Akashic Loves Amiri Baraka
Akashic Books deeply mourns the loss of Amiri Baraka (1934–2014), one of the truly great American writers of the twentieth century. Beyond his tremendous talents as a poet, playwright, essayist, fiction writer, and political activist, he was a relentless warrior in pursuit of truth and meaning. His body of work, spanning the 1950s till the end of 2013, is an arousing and inspiring chart of dedication, fearlessness, and personal growth. Despite his elevated stature, he never sold out to anyone or anything; he stayed his own course and always did so with verve, passion, and fury.
Amiri has been a figurehead for us here at Akashic Books since 2007 when he agreed to publish his story collection Tales of the Out & the Gone with us. When that signed contract arrived, we knew we were doing something right. The book was a hit, and working with Amiri was a profoundly positive experience. In subsequent years we reissued his 1960s essay collections Home: Social Essays and Black Music, to which he contributed brand-new introductions.
For those remaining vindictive critics of Amiri (and there aren’t many of you left), who argue that he was anti-Semitic, or homophobic, etc., you obviously never knew of the man’s relentless self-critiquing and his commitment to knowledge. In his introduction to our reissue of Home, for example, he wrote the following:
One heavy and aggravating problem with these early writings is that I’ve long since changed my views on some topics. There is a neophyte Black Nationalist tag to this book, yet I have been a Marxist since the middle ’70s. For instance, the homophobic language in several of the essays, including “American Sexual Reference: Black Male,” using the word “fag” homeboy style to refer to the right-leaning liberalism of too many Americans, males as well as females, is wrongheaded and unscientific.
In actuality, the attack was on a social class made comfortable from the super-profits bombed and machine-gunned out of the Third World (and it should be obvious that there has grown a whole sector of Negroes participating in this as well). The sexual reference comes from a ghetto language which used homosexuality as a metaphor for weakness, when in all truth, physically, there were even in my own youthful experience very open homosexuals who could kick most of the straight dudes’ behinds. Not to mention the homosexual giants we all have known, who have always been out front sexually and politically. Now I must openly regret and apologize for the use of that metaphorically abusive term that was then part of my vocabulary.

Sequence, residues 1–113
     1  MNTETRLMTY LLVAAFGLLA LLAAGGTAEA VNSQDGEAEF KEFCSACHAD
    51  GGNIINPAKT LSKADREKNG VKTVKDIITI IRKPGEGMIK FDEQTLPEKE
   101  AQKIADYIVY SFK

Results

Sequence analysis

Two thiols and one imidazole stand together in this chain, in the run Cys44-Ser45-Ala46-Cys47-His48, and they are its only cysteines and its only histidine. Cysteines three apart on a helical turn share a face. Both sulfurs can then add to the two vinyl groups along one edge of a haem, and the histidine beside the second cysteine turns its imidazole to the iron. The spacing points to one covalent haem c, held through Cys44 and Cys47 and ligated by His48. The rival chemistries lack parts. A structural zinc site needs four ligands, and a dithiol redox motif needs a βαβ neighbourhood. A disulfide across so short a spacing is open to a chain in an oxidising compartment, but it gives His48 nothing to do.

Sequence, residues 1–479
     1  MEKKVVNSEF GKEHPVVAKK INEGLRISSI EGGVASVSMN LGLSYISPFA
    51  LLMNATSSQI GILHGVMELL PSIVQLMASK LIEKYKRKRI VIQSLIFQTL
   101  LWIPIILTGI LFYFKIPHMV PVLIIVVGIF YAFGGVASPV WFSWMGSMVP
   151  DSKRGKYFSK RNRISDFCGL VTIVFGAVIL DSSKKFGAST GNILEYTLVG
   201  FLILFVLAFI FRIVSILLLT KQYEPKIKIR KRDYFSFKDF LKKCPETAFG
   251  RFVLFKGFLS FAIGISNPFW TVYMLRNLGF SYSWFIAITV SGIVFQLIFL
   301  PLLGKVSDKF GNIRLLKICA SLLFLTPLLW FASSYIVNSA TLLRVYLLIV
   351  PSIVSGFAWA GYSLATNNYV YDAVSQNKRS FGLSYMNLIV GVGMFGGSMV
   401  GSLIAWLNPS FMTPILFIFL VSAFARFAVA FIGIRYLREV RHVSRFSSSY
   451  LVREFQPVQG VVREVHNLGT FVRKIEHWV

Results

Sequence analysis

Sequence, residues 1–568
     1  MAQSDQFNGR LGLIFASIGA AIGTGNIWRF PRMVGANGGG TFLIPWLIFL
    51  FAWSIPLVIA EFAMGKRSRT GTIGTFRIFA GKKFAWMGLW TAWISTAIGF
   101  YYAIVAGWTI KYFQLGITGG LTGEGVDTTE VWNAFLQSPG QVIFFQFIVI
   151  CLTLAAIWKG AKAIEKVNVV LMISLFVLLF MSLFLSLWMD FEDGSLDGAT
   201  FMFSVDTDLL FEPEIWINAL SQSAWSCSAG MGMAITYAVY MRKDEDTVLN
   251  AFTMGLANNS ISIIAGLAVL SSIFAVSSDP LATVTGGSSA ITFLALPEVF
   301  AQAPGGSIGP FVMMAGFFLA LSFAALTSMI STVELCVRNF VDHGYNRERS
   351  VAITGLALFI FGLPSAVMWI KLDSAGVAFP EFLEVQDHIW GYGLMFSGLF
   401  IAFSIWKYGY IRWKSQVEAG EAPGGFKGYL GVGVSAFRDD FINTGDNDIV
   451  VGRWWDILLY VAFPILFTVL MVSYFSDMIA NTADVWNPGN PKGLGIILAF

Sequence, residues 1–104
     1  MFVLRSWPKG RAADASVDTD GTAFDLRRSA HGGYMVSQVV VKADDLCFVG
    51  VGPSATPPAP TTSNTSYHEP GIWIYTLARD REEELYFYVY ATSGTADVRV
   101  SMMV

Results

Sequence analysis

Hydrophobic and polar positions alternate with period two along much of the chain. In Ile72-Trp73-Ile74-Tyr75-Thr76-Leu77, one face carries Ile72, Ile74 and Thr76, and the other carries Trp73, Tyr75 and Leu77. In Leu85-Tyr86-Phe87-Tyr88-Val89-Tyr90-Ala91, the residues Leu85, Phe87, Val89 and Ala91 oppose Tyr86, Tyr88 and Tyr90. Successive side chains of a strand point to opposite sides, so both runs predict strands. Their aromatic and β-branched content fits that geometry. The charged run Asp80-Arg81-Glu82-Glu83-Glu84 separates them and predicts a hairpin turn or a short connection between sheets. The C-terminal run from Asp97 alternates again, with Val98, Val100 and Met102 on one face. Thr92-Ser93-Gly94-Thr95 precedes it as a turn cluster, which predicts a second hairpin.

Amiri was a truth seeker, and an artist who grasped the purpose of art—the imperative of art—better than anyone else I’ve known. As the New York Times aptly printed in 2007, “The writer formerly known as LeRoi Jones possesses an outtelligence of a high order. Baraka is such a provocateur, so skilled at prodding his perceived enemies (who are legion) in their tender underbellies, that it becomes easy to overlook that he is first and foremost a writer . . .”
Amiri, who will prod those tender underbellies now that you are gone? We will try to follow in your footsteps, but we also know that your shoes are still way too big for us. Let your memory and your words and your books ring, so that we can all strive to dodge apathy and passivity every day of our lives, like you did. Amiri, we miss you and hold you in our hearts.
Posted: Jan 10, 2014
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